STERN: War es nicht schwer, nach der aufregenden Filmarbeit wieder das ganz normale Mädchen zu sein?

STRONACH: Nein. Ich habe auch gar nicht mitbekommen, was mir damals entgangen ist. Meine Eltern haben mir nie was von neuen Angeboten erzählt. Heute erst weiß ich, daß sogar aus Japan, Deutschland und Frankreich Anfragen kamen. Aber meine Eltern kümmerten sich schließlich um eine geheime Telefonnummer, und die Leute konnten uns nicht mehr finden.

STERN: Sind Sie Ihren Eltern dafür nicht böse?

STRONACH: Natürlich denke ich heute, daß mich der Hollywood-Rummel nicht arrogant oder drogensüchtig gemacht hätte, wie es ja bei vielen Kinderstars ist. Wer weiß das schon. Meine Eltern hätten mir einfach mehr vertrauen sollen. Ich war ein recht vernünftiges Mädchen und ziemlich klar im Kopf. Aber ich kann ihre Vorsicht auch verstehen. Sie wollten für mich eine akademische Karriere.

STERN: Aus der ist nun aber auch nichts geworden...

STRONACH: Nach dem College wollte ich schon Archäologin werden. Aber dann nahm ich mir ein Jahr frei und fuhr mit Interrail-Paß und Freund durch Europa, um mir darüber im klaren zu werden, was ich wirklich mit meinem Leben anfangen will. In Venedig wußte ich es blitzartig: Tanzen ist meine Leidenschaft. Schon als Kind ging ich mehrmals in der Woche zum Ballett. Und so bin ich heute Tänzerin und habe eine eigene Tanztruppe.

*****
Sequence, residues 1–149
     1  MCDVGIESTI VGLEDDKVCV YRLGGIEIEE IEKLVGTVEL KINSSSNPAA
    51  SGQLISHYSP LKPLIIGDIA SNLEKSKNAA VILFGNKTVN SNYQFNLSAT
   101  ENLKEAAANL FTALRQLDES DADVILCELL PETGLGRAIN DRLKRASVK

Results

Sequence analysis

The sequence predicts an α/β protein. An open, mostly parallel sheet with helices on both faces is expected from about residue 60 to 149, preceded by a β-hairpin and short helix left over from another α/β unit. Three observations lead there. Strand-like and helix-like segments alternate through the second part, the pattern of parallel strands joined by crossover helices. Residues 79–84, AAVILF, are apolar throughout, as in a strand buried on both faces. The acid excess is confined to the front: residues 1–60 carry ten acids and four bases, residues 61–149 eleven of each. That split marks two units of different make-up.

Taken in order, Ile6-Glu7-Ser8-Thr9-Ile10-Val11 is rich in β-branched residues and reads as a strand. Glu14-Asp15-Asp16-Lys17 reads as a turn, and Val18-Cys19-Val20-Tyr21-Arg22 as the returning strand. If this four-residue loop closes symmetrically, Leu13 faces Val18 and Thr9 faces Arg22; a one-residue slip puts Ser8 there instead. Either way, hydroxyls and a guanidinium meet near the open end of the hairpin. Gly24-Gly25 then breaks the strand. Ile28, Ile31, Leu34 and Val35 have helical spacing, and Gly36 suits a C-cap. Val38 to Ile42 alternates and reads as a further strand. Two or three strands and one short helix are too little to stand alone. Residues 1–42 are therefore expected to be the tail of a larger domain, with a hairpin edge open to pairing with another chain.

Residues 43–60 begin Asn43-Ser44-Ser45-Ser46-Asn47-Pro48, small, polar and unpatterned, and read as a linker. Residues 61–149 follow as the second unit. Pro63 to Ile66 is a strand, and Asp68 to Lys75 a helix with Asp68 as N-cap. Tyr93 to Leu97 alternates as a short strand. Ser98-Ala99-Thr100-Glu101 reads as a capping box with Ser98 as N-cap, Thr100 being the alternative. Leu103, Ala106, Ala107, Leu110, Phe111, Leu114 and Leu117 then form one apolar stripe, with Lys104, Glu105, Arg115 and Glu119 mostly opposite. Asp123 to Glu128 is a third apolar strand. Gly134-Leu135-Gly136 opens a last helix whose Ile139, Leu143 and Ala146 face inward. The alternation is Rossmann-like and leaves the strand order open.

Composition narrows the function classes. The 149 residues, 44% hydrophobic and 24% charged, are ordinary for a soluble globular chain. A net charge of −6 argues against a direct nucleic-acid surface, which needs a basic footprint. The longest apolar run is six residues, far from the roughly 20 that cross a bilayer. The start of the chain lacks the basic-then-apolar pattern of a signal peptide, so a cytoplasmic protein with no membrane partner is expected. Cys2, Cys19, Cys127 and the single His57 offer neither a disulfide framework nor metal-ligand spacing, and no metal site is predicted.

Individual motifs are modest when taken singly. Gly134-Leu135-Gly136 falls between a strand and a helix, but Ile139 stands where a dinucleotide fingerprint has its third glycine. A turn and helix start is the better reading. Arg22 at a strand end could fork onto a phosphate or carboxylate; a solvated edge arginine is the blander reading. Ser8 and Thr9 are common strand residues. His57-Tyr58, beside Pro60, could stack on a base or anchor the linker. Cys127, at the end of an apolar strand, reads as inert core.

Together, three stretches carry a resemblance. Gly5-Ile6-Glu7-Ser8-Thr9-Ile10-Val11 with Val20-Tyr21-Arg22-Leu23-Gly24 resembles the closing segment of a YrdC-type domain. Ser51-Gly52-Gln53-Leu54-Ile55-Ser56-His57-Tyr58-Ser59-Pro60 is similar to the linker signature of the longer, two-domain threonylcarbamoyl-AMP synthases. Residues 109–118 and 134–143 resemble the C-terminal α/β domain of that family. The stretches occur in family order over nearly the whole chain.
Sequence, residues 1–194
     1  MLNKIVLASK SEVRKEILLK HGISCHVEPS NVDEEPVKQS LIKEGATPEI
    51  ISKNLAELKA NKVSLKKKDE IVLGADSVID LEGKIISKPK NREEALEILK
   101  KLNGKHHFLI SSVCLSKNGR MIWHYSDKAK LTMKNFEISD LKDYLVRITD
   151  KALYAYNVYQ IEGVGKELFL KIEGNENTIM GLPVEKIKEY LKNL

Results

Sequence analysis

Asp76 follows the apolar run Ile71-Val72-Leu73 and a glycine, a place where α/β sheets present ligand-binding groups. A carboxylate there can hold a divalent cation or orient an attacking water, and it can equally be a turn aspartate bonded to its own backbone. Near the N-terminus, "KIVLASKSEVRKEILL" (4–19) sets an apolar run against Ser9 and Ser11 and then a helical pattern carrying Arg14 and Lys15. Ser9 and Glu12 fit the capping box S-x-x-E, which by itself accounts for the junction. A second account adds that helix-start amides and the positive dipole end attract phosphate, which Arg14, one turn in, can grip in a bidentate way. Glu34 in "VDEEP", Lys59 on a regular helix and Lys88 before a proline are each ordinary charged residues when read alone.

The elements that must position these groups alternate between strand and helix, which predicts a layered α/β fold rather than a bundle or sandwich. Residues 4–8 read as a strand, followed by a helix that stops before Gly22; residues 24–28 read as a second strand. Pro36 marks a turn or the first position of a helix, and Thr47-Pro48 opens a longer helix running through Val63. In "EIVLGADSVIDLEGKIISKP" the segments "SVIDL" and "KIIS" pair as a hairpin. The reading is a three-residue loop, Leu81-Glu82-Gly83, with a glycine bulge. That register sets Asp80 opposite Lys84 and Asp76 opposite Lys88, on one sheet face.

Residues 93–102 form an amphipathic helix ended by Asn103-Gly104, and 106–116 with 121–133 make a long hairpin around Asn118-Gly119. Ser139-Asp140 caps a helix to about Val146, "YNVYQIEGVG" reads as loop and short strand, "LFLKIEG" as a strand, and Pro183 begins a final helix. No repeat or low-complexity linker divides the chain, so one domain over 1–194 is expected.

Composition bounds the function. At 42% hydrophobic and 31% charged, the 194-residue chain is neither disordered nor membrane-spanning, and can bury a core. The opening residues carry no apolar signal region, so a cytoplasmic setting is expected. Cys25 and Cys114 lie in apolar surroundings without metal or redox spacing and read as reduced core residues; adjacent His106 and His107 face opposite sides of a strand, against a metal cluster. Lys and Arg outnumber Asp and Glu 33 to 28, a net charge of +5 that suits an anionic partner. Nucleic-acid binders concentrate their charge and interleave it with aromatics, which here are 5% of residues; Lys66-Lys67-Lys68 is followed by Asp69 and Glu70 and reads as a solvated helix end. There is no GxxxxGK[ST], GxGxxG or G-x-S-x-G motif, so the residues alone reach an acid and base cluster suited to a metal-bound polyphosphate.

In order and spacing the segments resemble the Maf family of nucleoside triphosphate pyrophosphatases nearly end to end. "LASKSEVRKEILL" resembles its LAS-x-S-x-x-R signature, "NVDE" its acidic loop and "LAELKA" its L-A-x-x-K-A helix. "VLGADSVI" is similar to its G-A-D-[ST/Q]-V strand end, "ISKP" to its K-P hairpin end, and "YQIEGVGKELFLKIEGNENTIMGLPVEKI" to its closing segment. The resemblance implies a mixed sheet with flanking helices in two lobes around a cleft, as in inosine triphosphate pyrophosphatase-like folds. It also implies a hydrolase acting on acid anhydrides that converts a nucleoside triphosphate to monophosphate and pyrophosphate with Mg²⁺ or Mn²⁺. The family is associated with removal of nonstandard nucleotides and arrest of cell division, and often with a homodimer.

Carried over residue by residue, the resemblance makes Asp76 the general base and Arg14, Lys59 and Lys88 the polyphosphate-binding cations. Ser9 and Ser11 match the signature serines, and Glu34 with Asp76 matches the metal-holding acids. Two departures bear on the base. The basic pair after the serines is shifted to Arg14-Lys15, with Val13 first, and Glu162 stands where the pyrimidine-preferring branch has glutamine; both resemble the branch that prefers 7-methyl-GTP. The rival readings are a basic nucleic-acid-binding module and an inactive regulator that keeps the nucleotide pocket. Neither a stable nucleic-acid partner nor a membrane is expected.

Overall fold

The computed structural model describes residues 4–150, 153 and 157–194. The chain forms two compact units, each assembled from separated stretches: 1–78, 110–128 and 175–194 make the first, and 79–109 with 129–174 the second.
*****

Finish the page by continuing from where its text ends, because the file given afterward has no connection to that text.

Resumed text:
STERN: Und was ist mit der Schauspielerei?

STRONACH: Nebenbei nehme ich noch Schauspielunterricht. und natürlich würde ich mich über eine kleine Rolle riesig freuen. Gerade vergangene Woche habe ich Bernd Eichinger angerufen, den ich noch von früher kenne. Aber in Amerika gibt es Tausende von arbeitslosen Schauspielern. Immerhin habe ich jetzt endlich einen Agenten gefunden, der mir bei der Suche nach Filmrollen hilft.

STERN: Von was leben Sie?

STRONACH: Ich bin aus 700 Tänzern ausgewählt worden, für eine Dance Company zu arbeiten. Toller Job - bringt acht Dollar die Stunde. Aber als Tänzer kann man davon leben, deshalb sind wir auch alle so dünn. Im Ernst: Ich lebe in einer winzigen Wohnung und kaufe meine Klamotten nur second hand. Und ab und zu unterrichte ich als Fitneß-Trainerin privat und bekomme dafür 50 Dollar die Stunde. Ich bin kein Luxusweib, irgendwie komme ich schon durch.

Mit Tami Stronach sprach STERN-Mitarbeiterin Fatima Parsons.



Bravo 20/84 (10.5.1984), S. 86, 87,
gescannt u.a. von Noodle: Bild 2

Audienz bei der Kindlichen Kaiserin, Cinema Heft 72, Nr. 5/84 (10.5.1984), S. 88, 89 + Titelblatt